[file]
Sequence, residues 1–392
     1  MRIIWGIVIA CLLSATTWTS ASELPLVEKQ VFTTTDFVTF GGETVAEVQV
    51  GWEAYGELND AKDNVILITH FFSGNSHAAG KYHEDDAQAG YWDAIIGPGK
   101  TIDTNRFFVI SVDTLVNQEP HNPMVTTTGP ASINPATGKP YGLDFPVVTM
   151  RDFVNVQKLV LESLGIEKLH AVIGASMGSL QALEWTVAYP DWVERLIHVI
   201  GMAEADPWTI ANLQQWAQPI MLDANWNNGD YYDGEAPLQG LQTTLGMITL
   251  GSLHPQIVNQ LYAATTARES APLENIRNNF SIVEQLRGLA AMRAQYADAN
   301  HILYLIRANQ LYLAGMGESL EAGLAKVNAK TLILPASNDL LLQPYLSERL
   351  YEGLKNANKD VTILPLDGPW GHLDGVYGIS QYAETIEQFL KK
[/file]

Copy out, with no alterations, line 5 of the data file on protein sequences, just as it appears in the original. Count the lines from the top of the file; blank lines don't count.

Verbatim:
   151  RDFVNVQKLV LESLGIEKLH AVIGASMGSL QALEWTVAYP DWVERLIHVI